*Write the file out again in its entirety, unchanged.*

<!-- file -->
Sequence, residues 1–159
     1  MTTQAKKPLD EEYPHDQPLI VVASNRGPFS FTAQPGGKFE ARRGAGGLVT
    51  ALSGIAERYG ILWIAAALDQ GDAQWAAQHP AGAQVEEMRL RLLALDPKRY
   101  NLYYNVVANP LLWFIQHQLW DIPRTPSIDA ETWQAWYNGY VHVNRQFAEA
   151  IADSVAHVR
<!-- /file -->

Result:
Sequence, residues 1–159
     1  MTTQAKKPLD EEYPHDQPLI VVASNRGPFS FTAQPGGKFE ARRGAGGLVT
    51  ALSGIAERYG ILWIAAALDQ GDAQWAAQHP AGAQVEEMRL RLLALDPKRY
   101  NLYYNVVANP LLWFIQHQLW DIPRTPSIDA ETWQAWYNGY VHVNRQFAEA
   151  IADSVAHVR